'We have set out to play the same way as them; driving out of our 22 and using a long kicking game,' Walsh said.
Whether Workington can stick to that pattern tomorrow is a different matter. They will not be helped if their prop from New Zealand, James Pickering, is forced out with an ankle injury.
Monie, whose highly structured approach to his work is illustrated by his decision that he will not talk or even think about his next job in Auckland until his present one at Wigan ends in May, has had problems at full-back this week. Joe Lydon has had a minor knee operation and Steve Hampson pulled a calf in training. Frano Botica, who will be one of Auckland's first targets, moves to full-back, with Jason Robinson coming in at scrum-half.
Today's televised quarter-final brings together Castleford and St Helens eight days after their league meeting. The Castleford coach, Darryl Van de Velde, has spent the week hammering home the message that, despite winning convincingly in the end, his side dropped too much ball last week and cannot expect to get away with it again.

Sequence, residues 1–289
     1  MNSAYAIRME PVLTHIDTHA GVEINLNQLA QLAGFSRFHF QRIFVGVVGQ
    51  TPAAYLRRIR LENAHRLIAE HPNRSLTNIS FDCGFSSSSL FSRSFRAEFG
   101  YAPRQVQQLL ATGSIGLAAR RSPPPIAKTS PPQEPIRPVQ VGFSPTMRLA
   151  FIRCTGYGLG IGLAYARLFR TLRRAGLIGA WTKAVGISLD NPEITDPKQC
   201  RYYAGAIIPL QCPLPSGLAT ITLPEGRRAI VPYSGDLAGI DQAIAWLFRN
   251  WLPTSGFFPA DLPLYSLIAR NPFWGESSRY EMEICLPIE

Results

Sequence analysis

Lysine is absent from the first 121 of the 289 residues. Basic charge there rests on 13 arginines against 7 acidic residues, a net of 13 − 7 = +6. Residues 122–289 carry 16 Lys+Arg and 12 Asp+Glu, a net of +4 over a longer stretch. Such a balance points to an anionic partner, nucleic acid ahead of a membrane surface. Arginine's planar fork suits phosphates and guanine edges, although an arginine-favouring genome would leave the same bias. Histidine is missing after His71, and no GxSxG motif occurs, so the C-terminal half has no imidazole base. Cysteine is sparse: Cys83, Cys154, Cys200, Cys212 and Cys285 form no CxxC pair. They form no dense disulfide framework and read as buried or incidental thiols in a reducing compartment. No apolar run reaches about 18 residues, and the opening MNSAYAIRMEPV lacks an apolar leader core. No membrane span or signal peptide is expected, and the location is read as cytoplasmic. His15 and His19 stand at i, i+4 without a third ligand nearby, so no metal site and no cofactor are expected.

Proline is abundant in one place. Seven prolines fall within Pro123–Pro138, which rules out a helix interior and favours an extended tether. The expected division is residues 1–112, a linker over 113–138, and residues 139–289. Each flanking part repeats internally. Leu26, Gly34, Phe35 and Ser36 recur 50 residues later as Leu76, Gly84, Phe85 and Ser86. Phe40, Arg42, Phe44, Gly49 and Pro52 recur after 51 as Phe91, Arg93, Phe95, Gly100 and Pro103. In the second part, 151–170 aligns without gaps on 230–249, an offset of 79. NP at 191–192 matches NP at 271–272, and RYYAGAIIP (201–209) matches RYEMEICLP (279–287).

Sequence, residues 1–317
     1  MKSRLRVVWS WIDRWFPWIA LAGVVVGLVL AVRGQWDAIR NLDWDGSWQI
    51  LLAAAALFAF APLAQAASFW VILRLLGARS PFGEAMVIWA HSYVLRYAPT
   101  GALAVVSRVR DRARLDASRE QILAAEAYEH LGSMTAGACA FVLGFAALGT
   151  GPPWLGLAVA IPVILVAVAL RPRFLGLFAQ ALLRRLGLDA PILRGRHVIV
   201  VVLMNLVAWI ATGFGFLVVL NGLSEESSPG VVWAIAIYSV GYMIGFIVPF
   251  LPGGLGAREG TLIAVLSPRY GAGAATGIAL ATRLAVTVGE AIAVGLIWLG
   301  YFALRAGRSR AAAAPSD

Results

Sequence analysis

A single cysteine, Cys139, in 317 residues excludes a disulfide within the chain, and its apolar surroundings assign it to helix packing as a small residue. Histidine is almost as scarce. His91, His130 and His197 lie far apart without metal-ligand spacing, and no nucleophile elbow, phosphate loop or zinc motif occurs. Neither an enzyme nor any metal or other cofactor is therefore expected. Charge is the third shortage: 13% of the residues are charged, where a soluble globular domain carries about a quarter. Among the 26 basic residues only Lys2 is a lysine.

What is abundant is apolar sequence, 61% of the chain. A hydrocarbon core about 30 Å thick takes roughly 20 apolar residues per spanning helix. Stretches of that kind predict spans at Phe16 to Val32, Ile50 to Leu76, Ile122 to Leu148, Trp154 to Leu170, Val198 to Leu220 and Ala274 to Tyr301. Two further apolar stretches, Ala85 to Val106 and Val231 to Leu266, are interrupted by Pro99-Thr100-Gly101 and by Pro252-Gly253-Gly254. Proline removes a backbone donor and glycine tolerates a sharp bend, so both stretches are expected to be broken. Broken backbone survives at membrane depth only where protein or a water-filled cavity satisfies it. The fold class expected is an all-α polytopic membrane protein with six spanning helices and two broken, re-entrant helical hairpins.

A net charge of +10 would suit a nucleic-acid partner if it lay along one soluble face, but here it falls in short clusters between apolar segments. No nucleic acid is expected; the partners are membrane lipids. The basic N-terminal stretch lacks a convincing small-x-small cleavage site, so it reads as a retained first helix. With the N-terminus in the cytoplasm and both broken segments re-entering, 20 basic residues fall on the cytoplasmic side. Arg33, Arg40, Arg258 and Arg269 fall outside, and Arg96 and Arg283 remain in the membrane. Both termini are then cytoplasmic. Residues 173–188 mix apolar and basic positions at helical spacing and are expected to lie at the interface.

Castleford are unchanged again and that stability has been a major factor in their recent run of seven victories. 'But any psychological advantage from last week will be balanced by St Helens' home advantage,' Van de Velde said. Saints have Paul Loughlin in their starting line-up for the first time this season. Jarrod McCracken is shunted on to the wing.
The other ties will see Leigh's recent improvement tested at Hull, and Bradford Northern try to rediscover the winning habit at home to Widnes. Both away sides are affected by freak injuries. The Leigh scrum-half, Stuart Pugsley, has fallen down the stairs at his home and damaged knee ligaments. Widnes' Australian stand- off, Julian O'Neill, has a septic finger caused by taking part in the dangerous game of darts.Reuse content